by Courtney Murphy
In each issue of Rock & Sling that I’ve worked on, it seems there are at least one or two great poems that experiment with form in an interesting way, contain found text, or otherwise differ from most of the accepted poems in their appearance or structure. In Rock & Sling’s issue 12.2, the poem “Applauding Forever” was one of those poems. “Applauding Forever” is structured as a prose poem, with many forward slashes functioning as a type of internal line break to separate certain words, short phrases, and concepts from each other. Each of the long lines break at the end of the page, but the word choices at the end of each line seem not to be incidental. Each word or phrase followed by a forward slash is carefully selected to set up the string of images in the following line.
Throughout “Applauding Forever,” each section relates to both the preceding and succeeding sections. Each phrase usually complicates the meaning of the phrases it is following. From one long line to the next, lines do not always read as a coherent sentence. The first line — “like a symphony/ of bees exiting/ a shotgunned/ piñata/ stick up/ your arms/ ‘cuz I’m here/ to rob” — is especially full of physical action and reaction. This line, especially the first half, juxtaposes sound and motion, creating dynamic images and juxtapositions that shift in meaning depending on where you connect them within the line. The “symphony” gives sound and volume to the image of the bees, the seeming subject of this line. Then, “shotgunned” describes their mode of movement and “piñata” describes how they can be seen in reference to their direction and trajectory. In the second part of the line, the subject is reoriented to an assumed person who is instructed to “stick up” their arms in reaction to a threatening speaker, and the several phrases that seem to be describing the movement of bees are transferred to be a more holistic description of the arms’ movement. These shifts of the perceived subject happen frequently throughout the poem, and cause me as a reader to reread previous lines differently due to the knowledge gained from later lines.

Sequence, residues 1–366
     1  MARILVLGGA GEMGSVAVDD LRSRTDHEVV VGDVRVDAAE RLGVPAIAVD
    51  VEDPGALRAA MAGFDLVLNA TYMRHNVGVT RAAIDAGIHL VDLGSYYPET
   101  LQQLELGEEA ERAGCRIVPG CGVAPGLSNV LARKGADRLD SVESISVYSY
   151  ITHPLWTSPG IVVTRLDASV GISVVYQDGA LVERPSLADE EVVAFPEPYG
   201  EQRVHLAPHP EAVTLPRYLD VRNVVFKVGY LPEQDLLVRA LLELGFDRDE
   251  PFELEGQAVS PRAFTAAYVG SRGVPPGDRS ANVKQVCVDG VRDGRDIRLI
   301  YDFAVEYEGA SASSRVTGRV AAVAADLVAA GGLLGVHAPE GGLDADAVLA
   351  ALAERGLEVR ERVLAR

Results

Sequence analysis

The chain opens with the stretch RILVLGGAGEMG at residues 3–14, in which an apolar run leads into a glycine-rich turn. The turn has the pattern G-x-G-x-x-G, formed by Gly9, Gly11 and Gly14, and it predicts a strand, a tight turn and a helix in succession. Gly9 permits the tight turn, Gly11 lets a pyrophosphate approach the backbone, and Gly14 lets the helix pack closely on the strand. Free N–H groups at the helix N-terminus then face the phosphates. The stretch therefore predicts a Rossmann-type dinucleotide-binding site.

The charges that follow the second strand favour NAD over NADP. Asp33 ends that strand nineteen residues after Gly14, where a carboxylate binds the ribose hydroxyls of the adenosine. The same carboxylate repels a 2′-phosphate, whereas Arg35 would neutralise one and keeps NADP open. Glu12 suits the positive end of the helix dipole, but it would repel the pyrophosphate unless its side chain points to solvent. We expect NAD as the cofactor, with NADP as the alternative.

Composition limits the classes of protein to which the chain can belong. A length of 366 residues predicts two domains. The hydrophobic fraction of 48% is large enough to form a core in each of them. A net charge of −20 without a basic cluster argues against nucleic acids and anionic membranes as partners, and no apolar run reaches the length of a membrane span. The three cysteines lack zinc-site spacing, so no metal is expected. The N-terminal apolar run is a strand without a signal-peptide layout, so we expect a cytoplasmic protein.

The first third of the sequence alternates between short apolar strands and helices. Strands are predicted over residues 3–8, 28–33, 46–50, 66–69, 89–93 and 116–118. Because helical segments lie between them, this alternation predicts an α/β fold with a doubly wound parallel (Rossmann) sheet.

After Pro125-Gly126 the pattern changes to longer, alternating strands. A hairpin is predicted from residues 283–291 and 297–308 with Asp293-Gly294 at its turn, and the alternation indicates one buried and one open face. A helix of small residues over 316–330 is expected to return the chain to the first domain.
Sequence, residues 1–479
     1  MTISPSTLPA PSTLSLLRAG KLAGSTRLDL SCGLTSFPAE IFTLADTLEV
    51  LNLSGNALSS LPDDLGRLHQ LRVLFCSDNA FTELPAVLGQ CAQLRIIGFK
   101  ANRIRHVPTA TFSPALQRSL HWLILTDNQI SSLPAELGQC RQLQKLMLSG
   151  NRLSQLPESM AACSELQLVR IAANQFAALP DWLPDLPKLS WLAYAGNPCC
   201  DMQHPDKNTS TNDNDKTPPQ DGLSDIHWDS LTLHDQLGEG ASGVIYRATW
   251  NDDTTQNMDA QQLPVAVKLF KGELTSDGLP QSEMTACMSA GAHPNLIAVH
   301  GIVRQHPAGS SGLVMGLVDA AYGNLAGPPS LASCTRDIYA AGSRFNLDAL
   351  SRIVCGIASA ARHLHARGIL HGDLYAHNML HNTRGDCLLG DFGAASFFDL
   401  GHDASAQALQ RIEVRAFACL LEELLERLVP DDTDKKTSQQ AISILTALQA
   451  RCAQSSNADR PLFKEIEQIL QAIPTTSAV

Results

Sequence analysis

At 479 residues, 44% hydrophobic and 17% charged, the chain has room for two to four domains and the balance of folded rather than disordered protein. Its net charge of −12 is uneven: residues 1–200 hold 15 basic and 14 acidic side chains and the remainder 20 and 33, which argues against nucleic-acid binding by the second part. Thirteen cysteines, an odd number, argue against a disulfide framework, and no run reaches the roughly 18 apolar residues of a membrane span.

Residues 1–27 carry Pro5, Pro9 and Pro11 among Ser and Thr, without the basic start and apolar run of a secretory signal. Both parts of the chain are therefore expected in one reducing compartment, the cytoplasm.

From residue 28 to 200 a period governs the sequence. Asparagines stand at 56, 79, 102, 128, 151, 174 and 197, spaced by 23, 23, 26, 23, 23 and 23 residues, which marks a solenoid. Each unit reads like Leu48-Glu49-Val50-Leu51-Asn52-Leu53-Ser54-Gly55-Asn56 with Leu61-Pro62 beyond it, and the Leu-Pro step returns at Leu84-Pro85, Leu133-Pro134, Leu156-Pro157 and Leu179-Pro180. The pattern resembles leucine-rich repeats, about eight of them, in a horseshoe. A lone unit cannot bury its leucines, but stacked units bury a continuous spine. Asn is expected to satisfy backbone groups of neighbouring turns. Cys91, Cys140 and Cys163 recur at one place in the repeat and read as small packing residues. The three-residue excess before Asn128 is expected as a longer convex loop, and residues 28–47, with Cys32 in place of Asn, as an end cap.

In the next line, a collection of images — a lion jaw, an ancient telephone, even the ocean — are taken and engulfed, but then it seems the ocean is the thing that’s been engulfed. The subject is instructed to follow the speaker, and be engulfed as well. In the following few lines, the speaker and reader are disoriented by a collection of images that do not seem like they should fit together, evoking feelings of loneliness and desperation. The images are difficult to grasp, and seem to move and shift throughout the poem, mimicking the confusion and disorientation the speaker is putting the subject through.
At the end, the subject is supported and encouraged by the blind, those unable to actually see them for what they are, and is then stuck in place despite being “made of rain,” unable to be grasped. The ending of the poem offers little explanation or solace, but the form works in such a way that this intense sense of disorientation is justified. More of an attempt at grammatical accuracy or clarity of imagery in this poem would reduce its meaning and the disorienting movement created by the structure.
Courtney Murphy graduates this month with a bachelor’s in English Writing & Literature from Whitworth University. She’s from Olympia, Washington and is excited to be near the ocean again after graduation.